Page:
- This topic has 6 replies, 4 voices, and was last updated 9 years, 11 months ago by Anonymous.
- May 6, 2011 at 4:27 am #207045AnonymousInactive
Not all 3 bureaus report the same score, but I have heard that one of the 3 is consistently the lowest scorer. ANyone have an idea which one that may be?
- May 6, 2011 at 11:57 pm #264886AnonymousInactive
That is not true. What they report is COMPLETELY dependent on what YOUR creditor report to them. They all use the same EXACT formula to calculate your score, however they do not all get the same EXACT information.
- May 8, 2011 at 2:16 am #266092Jermaine MoodyMember
They can have differing information in their files (because not all creditors report to all three bureaus). Also, they use different variations of credit score calculations. So you are trying to compare apples to oranges.
- June 10, 2011 at 4:12 am #435977AnonymousInactive
No money down usually means:
1. using other people’s money
2. Seller financing
3. rent to own
4. Using 401k
5. using assignable purchase option contracts
6. 100% financing
Just pick up some books at your local bookstore on real estate investing.
- June 10, 2011 at 4:12 am #435978AnonymousInactive
I just bought a condo with nothing down. However, I did have to give $ 1200 deposit for earnest money to start escrow. Then it cost $ 225 for an inspection to see what is wrong with it. Then I had to pay $ 395 for condo insurance. I am suppose to get the $ 1200 back. They are paying escrow fee. I will only be paying interest for the next ten years but it is $ 100 a month less than I am paying for rent and I get to write the interest off on my income tax, so even the value doesn’t go up in ten years, I haven’t lost anything even if the price goes down instead.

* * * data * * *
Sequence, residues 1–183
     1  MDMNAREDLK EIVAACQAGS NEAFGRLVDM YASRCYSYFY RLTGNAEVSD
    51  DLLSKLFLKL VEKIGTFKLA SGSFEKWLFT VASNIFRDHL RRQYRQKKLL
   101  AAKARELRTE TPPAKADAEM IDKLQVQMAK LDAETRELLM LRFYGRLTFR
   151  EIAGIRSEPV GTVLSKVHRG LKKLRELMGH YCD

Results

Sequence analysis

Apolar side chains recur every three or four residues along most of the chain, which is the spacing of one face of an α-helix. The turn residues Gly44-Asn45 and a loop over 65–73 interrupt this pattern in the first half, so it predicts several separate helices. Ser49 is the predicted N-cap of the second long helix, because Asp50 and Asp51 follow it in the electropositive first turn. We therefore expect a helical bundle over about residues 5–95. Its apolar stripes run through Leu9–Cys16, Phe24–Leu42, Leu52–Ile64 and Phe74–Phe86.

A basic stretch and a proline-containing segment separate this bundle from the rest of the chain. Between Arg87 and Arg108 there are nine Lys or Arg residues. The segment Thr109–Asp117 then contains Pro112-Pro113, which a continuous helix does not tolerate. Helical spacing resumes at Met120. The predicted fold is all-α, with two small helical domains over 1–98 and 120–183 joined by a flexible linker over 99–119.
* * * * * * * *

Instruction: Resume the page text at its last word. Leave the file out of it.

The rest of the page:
- June 10, 2011 at 4:12 am #435979AnonymousInactive
No money down, really is not quite no money down. No down payment on the purchase, but you will have to pay closing cost, hazard insurance, appraisal fee(?)
- June 10, 2011 at 4:12 am #435980AnonymousInactive
Some of these are totally illegal so make sure this isn’t a scam. Some of these tell you to do this:
Find someone in financial trouble
Offer to take over their mortgage if they deed the house over to you. They get to keep living in the house and in a year they can buy it back from you for an additional $ 25k.
They sign over the deed.
You market the property, try to sell it in 90 days.
If it sells, the buyer evicts the original owner once they now own the house.
If it doesn’t sell you rip up the deed, throw it away, and the bank forecloses on his house and thows him out.
I’m sure there are many legitimate programs but these are the ones you typically see on late night infomercials. And in California anyway, this is totally illegal.
Now if you approach the same seller, assume his mortgage legally, and he moves out without losing his house to foreclosure everybody wins. He is relieved of his financial burden, you obtain the property far below market value and flip it for a quick profit. Unfortunately for you, there are “professional” investors who are much more skilled at this and can pay cash for the guy’s house so they are the ones who seem to have success doing this.
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